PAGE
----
Wills and Trusts, the Cornerstones of Estate Planning

Often individuals believe that they are not in need of an estate planning tool because they do not have enough assets. However, you do not have to be wealthy, or own a lot of property, to realize the benefit to you and your loved ones. Estate planning tools such as wills and trusts are the cornerstones of estate planning and can provide much needed protection for yourself and your beneficiaries, particularly if you have minor children.

Why Do I Need a Will?

A will, also known as a last will and testament, is a legal document that directs how your assets will be distributed after death. If you have children, your will can also be used for the appointment of a guardian. However, you can not use a will to place conditions upon your gifts.

Can a Trust Agreement Help Me?

A trust can be an extremely useful estate planning tool for you and your family. It may dictate how and when your assets are distributed to your chosen heirs and can reduce estate and gift taxes. A trust can also generate income and distribute assets while you are alive.

There are various forms of trusts to suit your needs. The most common trusts are the revocable living trust and the irrevocable trust.

  • The term revocable indicates that the trust provisions can be changed at any time and property can be removed from the trust. A revocable trust can contain a spendthrift provision, which can limit a minor child’s access to the property until he/she reaches a certain age, or meets some other condition.
  • An irrevocable trust, on the other hand, sets the trust provisions in stone, and once property is transferred to the trust, the property belongs to the trust. Sometimes an irrevocable trust will be used to limit a minor child’s access to a trust, or trust property.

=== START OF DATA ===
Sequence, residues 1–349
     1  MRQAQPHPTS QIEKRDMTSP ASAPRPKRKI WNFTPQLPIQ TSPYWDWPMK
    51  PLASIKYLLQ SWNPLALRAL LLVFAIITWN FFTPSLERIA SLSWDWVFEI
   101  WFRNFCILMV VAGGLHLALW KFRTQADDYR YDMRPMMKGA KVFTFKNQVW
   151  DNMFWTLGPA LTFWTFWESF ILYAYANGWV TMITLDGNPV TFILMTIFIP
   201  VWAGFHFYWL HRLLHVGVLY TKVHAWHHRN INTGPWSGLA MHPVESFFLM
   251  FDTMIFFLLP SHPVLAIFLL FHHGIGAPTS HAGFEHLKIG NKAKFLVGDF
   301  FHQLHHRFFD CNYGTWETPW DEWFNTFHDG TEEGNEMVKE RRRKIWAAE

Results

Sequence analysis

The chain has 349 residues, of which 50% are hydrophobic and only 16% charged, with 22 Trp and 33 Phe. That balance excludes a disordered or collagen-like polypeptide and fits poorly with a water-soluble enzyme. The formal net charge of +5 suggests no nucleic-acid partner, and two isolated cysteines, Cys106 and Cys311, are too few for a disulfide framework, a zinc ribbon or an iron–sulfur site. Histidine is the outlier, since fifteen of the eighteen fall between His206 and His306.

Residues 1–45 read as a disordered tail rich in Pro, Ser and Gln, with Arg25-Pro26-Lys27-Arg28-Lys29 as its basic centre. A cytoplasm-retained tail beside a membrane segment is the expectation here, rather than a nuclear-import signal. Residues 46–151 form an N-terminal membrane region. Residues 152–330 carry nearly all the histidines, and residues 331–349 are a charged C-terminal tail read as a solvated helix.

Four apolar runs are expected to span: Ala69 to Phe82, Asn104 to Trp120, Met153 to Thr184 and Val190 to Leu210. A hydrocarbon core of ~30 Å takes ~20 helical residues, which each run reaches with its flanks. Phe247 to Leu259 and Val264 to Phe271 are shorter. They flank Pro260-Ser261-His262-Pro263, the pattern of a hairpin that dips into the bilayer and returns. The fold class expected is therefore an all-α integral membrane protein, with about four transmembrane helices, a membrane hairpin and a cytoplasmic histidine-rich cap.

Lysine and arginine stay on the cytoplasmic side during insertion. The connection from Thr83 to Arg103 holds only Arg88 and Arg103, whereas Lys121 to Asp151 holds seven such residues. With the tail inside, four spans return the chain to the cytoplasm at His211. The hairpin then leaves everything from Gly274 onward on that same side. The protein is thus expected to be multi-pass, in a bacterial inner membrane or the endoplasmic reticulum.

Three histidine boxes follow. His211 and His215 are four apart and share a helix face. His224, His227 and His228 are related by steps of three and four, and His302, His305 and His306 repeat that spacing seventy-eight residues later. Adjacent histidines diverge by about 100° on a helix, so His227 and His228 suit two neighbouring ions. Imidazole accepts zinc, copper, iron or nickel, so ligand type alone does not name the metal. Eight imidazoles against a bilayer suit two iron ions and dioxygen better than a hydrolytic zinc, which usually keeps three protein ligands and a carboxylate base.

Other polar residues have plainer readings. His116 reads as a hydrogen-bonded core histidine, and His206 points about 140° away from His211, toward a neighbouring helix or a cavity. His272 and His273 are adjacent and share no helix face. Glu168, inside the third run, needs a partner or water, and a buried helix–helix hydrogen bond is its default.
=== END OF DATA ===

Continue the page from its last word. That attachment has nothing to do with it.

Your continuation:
If you interested in learning more about estate planning, the experienced and caring attorneys at Bellah Perez can you help you determine which estate tool best fits your unique circumstances.

Set up a consultation with one of our experienced estate planning attorneys today. Contact Bellah Perez, PLLC at 602-252-9937.


A will is a legal document that names individuals or charitable organizations who will receive your assets after your death either by gift or in trust. A will nominates who will be appointed to manage your estate, pay your debts, and distribute your estate according to the instructions in your will. It can also nominate guardians for your minor children.
Most assets can be subject to the provisions in your will. However, some securities and bank accounts that have designated beneficiaries, such as “payable on death” accounts, pass directly to the beneficiaries and bypass distribution through a will. In addition, certain co-owned assets also pass directly to the surviving co-owner regardless of any instructions in your will.
A revocable living trust is a legal document that can substitute for a will. Your assets will be put into a trust, which will be administered for your benefit during your lifetime and transferred to your beneficiaries when you pass away – all without the need for court involvement. A living trust does not always eliminate the need for a will. A will may still be used to distribute any assets that have not been put into your trust.